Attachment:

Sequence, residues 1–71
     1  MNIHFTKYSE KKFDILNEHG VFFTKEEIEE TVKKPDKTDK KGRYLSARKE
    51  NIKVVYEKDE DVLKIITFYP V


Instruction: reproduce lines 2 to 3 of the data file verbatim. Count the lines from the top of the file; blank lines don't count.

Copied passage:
     1  MNIHFTKYSE KKFDILNEHG VFFTKEEIEE TVKKPDKTDK KGRYLSARKE
    51  NIKVVYEKDE DVLKIITFYP V